Wildfires in Alaska
The 2009 wildfire season roared to life in Alaska on 02 July – 03 July 2009, with a number of very large and very intense fires breaking out across interior portions of the state. A ridge of high pressure was in place over the region, allowing Fairbanks to experience a high temperature above 80Âº F (27Âº C) on both days. GOES-11 visible images (above) showed some impressive smoke plumes developing on 02 July, especially from the fire located to the east-southeast of Fort Yukon (station identifier PFYU) — note the pulses of “pyrocumulus” that emanated from this >19,000 acre “Little Black One” fire complex:
PUBLIC INFORMATION STATEMENT
NATIONAL WEATHER SERVICE FAIRBANKS AK
1033 AM AKDT FRI JUL 3 2009
…WILDFIRES BRING SMOKE TO INTERIOR…
THE MAJORITY OF THE SMOKE IS COMING FROM A WILDFIRE KNOW AS LITTLE BLACK ONE. THIS FIRE IS LOCATED NORTHEAST OF CIRCLE IN THE YUKON FLATS. AS OF 230 PM YESTERDAY THIS FIRE WAS OVER 19000 ACRES. CURRENT SATELLITE IMAGERY SHOWS THIS FIRE TO BE CONTINUING TO INCREASE IN AREA.
OTHER SMALLER FIRES ARE ALSO BURNING ACROSS THE AREA. WINDS ARE CURRENTLY BLOWING THE SMOKE FROM NORTHEAST TO SOUTHWEST ON THE FIRES.
The large and dense smoke plume originating east of Fort Yukon continued to drift southwestward overnight, and had moved over the Anchorage area (station identifier PANC) by the morning hours on 03 July.
Also, in spite of the very large satellite viewing angle, another feature that could be followed on the GOES-11 visible imagery was the southwestward movement of fog and stratus from the Arctic Ocean into interior portions of the North Slope region of Alaska after about 06:00 UTC on 03 July. The visibility dropped to less than 1/2 mile at Kuparuk (station identifier PAKU) at 06:00 UTC, with an air temperature at that time of 34Âº F (+1Âº C).
It is interesting to note the presence of a thin volcanic plume (likely from an earlier eruption of the Sarychev Peak volcano in the Kuril Islands) farther to the east, located over the Alaska/Yukon border region (above) — this very high altitude volcanic plume feature is illuminated early in the day (when the sun angle was low, and forward scattering was the highest), but then “disappears” on the visible imagery as the sun angle increases and forward scattering diminishes. In contrast, the low-altitude smoke features become brighter as the sun angle increases during the day, allowing more solar reflection to better illuminate the top of the thick smoke (below).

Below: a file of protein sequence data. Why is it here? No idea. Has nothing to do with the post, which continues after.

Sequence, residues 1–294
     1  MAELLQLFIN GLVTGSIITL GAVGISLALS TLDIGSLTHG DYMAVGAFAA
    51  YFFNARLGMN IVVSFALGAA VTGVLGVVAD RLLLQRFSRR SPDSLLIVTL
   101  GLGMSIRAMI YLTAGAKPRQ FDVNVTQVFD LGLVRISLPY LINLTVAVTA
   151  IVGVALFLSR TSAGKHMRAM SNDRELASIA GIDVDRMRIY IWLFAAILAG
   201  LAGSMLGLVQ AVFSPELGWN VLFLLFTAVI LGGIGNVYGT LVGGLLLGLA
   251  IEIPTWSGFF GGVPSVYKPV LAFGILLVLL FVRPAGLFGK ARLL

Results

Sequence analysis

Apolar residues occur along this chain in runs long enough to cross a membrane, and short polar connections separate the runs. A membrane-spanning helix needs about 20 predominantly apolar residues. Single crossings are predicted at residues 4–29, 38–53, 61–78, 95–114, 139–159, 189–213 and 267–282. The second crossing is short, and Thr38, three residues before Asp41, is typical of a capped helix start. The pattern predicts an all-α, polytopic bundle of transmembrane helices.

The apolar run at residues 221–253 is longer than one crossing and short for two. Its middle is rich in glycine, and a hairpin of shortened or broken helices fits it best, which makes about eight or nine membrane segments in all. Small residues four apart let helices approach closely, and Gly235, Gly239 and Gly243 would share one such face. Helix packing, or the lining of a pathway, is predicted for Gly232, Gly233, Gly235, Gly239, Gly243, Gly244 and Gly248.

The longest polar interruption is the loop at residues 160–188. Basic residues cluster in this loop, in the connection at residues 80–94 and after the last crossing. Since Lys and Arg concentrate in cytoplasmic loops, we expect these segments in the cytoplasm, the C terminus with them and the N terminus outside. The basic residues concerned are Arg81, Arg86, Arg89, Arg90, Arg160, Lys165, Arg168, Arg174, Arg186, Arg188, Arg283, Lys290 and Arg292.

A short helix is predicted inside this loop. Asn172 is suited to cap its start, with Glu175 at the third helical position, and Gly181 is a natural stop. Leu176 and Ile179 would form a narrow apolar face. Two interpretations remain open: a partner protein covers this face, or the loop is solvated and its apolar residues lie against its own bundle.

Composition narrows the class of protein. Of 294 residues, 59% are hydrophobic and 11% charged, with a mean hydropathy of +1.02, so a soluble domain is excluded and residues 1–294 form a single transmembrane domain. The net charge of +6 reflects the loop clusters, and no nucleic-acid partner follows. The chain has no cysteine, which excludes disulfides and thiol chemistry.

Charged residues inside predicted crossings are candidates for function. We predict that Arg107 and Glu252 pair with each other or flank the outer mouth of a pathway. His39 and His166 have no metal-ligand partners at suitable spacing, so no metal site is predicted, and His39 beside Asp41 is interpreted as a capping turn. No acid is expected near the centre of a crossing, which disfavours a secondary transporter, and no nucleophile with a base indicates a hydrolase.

GOES-11 3.9 Âµm shortwave IR images (below) revealed a number of very hot fire pixels (black to red color enhancement) — the hottest pixels in the “Little Black One” fire exhibited an IR brightness temperature of 341.0 K (the saturation temperature of the GOES-11 shortwave IR detectors) at 06:30 UTC. The fire located to the west-northwest of Nenana (station identifier PANN) exhibited IR pixels as hot as 340.0 K at 02:30 UTC. The large area of saturated (red) pixels across the Arctic Slope region at 09:00 UTC was due to sun glint (which also caused the very bright pixels to appear at 09:00 UTC on the visible imagery).
A comparison of the 1-km resolution NOAA-16 AVHRR 3.7 Âµm and the 4-km resolution GOES-11 3.9 m shortwave IR images (below) demonstrates the importance of better spatial resolution for detecting hot fire pixels. The hottest IR pixels in both the NOAA-16 and the GOES-11 images were 330.0Âº K (darker red color) — but note that the large fire located southeast of Fort Yukon (PFYU) was only as hot as 307.0Âº K (darker black color) on the GOES-11 shortwave IR image.
The GOES-11 Wildfire Automated Biomass Burning Algorithm (ABBA) product (below) analyzed the first fire pixels east of the Fort Yukon region around 19:30 UTC on 02 July, several hours before the large smoke plume began to form.